Reviews by Elanor Parker

Brighton Fishing Museum Loft

The Tower



Bar Broadway (Off Broadway)

Billy-the-Cactus and Lorraine Fontaine

theSpace @ Surgeons Hall

A Trilogy: blood (line)

Monkey Barrel Comedy

Sam Lake: Aspiring DILF

theSpace @ Surgeons Hall

A Trilogy: box.


Since you’re here…

… we have a small favour to ask. We don't want your money to support a hack's bar bill at Abattoir, but if you have a pound or two spare, we really encourage you to support a good cause. If this review has either helped you discover a gem or avoid a turkey, consider doing some good that will really make a difference.

You can donate to the charity of your choice, but if you're looking for inspiration, there are three charities we really like.

Mama Biashara
Kate Copstick’s charity, Mama Biashara, works with the poorest and most marginalised people in Kenya. They give grants to set up small, sustainable businesses that bring financial independence and security. That five quid you spend on a large glass of House White? They can save someone’s life with that. And the money for a pair of Air Jordans? Will take four women and their fifteen children away from a man who is raping them and into a new life with a moneymaking business for Mum and happiness for the kids.
Donate to Mama Biashara now

Theatre MAD
The Make A Difference Trust fights HIV & AIDS one stage at a time. Their UK and International grant-making strategy is based on five criteria that raise awareness, educate, and provide care and support for the most vulnerable in society. A host of fundraising events, including Bucket Collections, Late Night Cabarets, West End Eurovision, West End Bares and A West End Christmas continue to raise funds for projects both in the UK and Sub-Saharan Africa.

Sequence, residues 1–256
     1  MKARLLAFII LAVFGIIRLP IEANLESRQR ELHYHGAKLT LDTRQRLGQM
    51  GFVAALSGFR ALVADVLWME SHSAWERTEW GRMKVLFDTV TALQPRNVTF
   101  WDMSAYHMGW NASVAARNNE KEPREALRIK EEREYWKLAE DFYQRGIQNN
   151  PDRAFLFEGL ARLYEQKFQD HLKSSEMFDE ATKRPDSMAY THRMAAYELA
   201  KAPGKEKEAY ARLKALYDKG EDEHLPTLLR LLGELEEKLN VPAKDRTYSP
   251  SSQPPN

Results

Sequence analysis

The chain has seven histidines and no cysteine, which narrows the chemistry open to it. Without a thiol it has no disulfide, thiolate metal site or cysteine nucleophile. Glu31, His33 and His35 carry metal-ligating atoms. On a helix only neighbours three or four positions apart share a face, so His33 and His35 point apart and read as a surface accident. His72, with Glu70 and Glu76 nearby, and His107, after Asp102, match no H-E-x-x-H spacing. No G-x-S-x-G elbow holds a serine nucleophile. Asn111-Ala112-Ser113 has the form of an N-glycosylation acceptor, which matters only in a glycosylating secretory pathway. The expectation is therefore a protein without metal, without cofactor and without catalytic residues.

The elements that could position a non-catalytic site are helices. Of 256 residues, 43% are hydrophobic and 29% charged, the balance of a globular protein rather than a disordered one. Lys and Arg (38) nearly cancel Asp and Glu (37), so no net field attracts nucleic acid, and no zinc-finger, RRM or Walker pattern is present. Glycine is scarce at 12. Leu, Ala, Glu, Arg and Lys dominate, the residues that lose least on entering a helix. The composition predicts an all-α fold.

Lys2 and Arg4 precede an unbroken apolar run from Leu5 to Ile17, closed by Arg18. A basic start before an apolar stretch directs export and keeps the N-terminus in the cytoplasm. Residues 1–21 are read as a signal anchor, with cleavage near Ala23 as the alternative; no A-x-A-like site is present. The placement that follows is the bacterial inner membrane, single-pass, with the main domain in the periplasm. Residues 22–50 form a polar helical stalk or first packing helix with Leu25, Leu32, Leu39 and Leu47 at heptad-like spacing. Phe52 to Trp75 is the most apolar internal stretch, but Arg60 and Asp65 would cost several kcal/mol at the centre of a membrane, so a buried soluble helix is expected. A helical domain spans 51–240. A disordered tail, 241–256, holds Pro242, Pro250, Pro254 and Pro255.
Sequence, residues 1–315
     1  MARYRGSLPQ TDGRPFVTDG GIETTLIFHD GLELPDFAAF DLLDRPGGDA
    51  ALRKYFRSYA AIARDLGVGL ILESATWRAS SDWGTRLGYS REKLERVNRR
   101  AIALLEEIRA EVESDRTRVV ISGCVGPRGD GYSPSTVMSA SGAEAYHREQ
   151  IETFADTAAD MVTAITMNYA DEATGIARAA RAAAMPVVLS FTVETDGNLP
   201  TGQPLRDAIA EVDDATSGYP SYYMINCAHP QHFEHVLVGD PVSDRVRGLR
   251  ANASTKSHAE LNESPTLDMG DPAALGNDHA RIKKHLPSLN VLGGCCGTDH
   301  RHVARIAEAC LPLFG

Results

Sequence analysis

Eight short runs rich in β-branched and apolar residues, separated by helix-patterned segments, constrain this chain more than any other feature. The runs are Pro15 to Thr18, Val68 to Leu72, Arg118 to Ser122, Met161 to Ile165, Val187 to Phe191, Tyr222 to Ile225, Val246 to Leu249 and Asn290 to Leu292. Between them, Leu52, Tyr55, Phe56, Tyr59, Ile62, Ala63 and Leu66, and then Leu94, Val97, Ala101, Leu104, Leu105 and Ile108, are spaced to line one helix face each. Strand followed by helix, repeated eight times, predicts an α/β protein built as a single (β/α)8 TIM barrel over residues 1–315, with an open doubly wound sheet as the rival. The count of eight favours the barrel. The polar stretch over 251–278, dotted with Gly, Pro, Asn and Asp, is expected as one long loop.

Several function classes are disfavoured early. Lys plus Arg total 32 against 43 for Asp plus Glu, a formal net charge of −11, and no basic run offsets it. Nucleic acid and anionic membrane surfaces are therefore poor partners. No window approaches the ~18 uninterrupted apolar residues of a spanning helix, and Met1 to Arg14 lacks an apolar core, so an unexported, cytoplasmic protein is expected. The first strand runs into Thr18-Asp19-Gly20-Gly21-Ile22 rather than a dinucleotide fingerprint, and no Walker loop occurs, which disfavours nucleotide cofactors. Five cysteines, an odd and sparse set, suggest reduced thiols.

Donate to Theatre MAD now

Acting For Others
Acting for Others provides financial and emotional support to all theatre workers in times of need through the 14 member charities. During the COVID-19 crisis Acting for Others have raised over £1.7m to support theatre workers affected by the pandemic.
Donate to Acting For Others now



The Blurb

Changeling Theatre apply their unique blend of crazy antics, magic, beautiful costumes and just hint of … ABBA to their production of The Winters Tale at BOAT.

Shakespeare’s wonderful fairy story set in Sicily and Bohemia tells the tale of Leontes who has everything a man could want, wealth, power, a family that loves him, but he is not at peace. He harbours a bitter jealousy that drives him to destroy all he holds dear.

‘It is required, you do awake your faith.’

Most Popular See More

Mamma Mia!

From £15.00

More Info

Find Tickets

The Play That Goes Wrong

From £27.00

More Info

Find Tickets

Matilda the Musical

From £24.00

More Info

Find Tickets

Tina - The Tina Turner Musical

From £12.00

More Info

Find Tickets

The Mousetrap

From £30.00

More Info

Find Tickets


From £39.00

More Info

Find Tickets